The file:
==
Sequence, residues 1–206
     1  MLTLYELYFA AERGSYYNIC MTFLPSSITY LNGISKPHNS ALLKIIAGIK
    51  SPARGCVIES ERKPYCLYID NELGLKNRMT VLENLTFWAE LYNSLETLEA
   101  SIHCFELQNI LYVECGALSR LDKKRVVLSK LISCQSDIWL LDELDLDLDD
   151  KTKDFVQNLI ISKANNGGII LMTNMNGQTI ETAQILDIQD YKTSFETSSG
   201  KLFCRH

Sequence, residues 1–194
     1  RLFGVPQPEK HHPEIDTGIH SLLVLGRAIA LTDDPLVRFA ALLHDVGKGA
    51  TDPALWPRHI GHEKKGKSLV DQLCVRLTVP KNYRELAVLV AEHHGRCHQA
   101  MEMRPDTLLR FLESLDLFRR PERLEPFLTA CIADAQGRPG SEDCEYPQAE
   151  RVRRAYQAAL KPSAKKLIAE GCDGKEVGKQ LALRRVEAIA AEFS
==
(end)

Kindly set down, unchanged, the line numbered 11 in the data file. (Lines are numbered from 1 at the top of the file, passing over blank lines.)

   151  RVRRAYQAAL KPSAKKLIAE GCDGKEVGKQ LALRRVEAIA AEFS